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What's New ©by Laif DeMason

Just after the release of our last April CN issue, Europe, America, and the rest of the world had to abruptly start dealing with what China and the Far East was wrestling with: The Coronavirus Pandemic! Immediately when announced in mid March a national lockdown was started. With little advance warning, the inbound flights from the rest of the world were halted. No flights meant no fish imports, even though some consignments were already booked and paid in advance. As a tropical fish wholesaler, I knew the effects would have implications on fish varieties and stocks. Although the domestic air service continued as normal for a couple of weeks getting shipments to stores nationally, it took some retailers about a month to realize the stock list would only shrink from here onwards. Many stores relied on locally bred items and came to realize that supply was limited. By the time they concluded that most African cichlids were grown in Florida, the domestic flight situation was severely limited by the non-traveling public and the huge number of flight cancellations. The lockdown is starting to lift now, however, it remains to be seen if the airline industry (both imports and domestic) will change and start flying shipments of tropical fish over the next few months.

Here’s “what’s new” on the cichlid scene:

Lake Tanganyika

Tanganyika cichlids were the first group of fish impacted by the lockdown as most sold in the USA are imported, whether wild or bred.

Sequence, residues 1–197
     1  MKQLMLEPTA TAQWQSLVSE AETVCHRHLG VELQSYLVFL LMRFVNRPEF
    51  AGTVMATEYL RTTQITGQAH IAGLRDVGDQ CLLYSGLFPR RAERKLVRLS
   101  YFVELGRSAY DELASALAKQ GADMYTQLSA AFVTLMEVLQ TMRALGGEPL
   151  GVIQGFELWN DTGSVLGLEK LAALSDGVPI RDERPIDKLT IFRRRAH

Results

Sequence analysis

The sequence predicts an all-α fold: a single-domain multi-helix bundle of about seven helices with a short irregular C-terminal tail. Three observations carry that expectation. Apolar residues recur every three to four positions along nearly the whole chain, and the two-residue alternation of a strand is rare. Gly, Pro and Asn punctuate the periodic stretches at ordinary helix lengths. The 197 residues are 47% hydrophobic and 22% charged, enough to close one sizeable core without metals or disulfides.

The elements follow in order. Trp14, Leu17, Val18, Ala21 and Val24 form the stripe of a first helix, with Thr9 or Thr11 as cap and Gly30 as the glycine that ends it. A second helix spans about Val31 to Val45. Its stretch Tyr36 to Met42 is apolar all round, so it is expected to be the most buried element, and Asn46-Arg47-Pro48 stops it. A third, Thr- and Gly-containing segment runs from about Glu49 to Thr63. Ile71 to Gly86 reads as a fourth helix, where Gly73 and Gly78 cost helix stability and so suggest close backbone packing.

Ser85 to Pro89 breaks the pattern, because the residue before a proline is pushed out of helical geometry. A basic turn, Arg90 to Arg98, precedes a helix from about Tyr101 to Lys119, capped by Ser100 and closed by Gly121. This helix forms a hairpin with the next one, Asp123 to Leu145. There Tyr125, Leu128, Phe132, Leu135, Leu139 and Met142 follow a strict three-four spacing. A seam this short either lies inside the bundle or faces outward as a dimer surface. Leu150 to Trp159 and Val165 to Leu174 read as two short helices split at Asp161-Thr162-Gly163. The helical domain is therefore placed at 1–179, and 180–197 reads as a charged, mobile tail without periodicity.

While wild Tropheus sales had already waned, thin March import inventories were all sold off by month’s end. Pictured here, a Tropheus moorii Murago from Lusinga, Congo.

In theory, restricted from collection and export from Tanzania, Petrochromis sp. ‘red’ is still bred in small numbers both in America and in Europe.

Early this year, African collectors caught hundreds of the rarely seen Cyprichromis sp. ‘leptosoma jumbo’ from Kitumba, Congo. But exporters couldn’t sell all at their exorbitant price to China so by halving the price the rest were sold quickly. Photo by P. Tawil.

Also caught in good numbers was the so-called “Speckleback” Cyprichromis from Tembwe Congo. These were initially offered at a high price, but soon some exporters came to see they couldn’t sell all and readjusted their offer.

Lake Malawi

The Florida farm-raised stocks of Malawi cichlids have always been strong. The stagnant wild caught Malawi inventory has also picked up with the import bottleneck. Getting the fish to market on the airlines is now the problem, especially Delta Airlines who recently decide not to take live fish on any transfer flights via Atlanta, removing 90% of the national market. Who is going to let Delta know they made a big mistake?


A lot more predatory haplochromines are starting to be bred in Florida. Pictured here Tyrannochromis nigriventer sporting many orange-red markings and body flecks on each scale.

The white-lipped variety Placidochronmis phenochilus from Mdoka, Malawi, is finally being bred in Florida after a long time of demand. However, the large pond-bred fish don’t seem to be as nice as the wild caught individuals.

Another Malawi item from a much longer time ago is making a comeback via farm-bred fish. The ‘back-then’ called “Giant Flame Oxyrhynchus” is of course not a Hemichromis oxyrhynchus, but Mylochromis lateristriga who were often seen following the former fish foraging in Lake Malawi. Photo by A. Konings.

Lastly, due to demand by China, Malawi exporters have sent out recently a not-so-often seen fish, Stigmatochromis pholidophorus. This fish is found lakewide but never seen in numbers. So if you want to breed them, buy what you can, when you can!


A newly-developed and colorful Apistogramma morph is becoming widely popular and is sold usually as A. macmasteri gold red mask.

Discus varieties continue to evolve and are almost a designer fish from some breeders. Pictured here a striking Marlboro Red type of discus.

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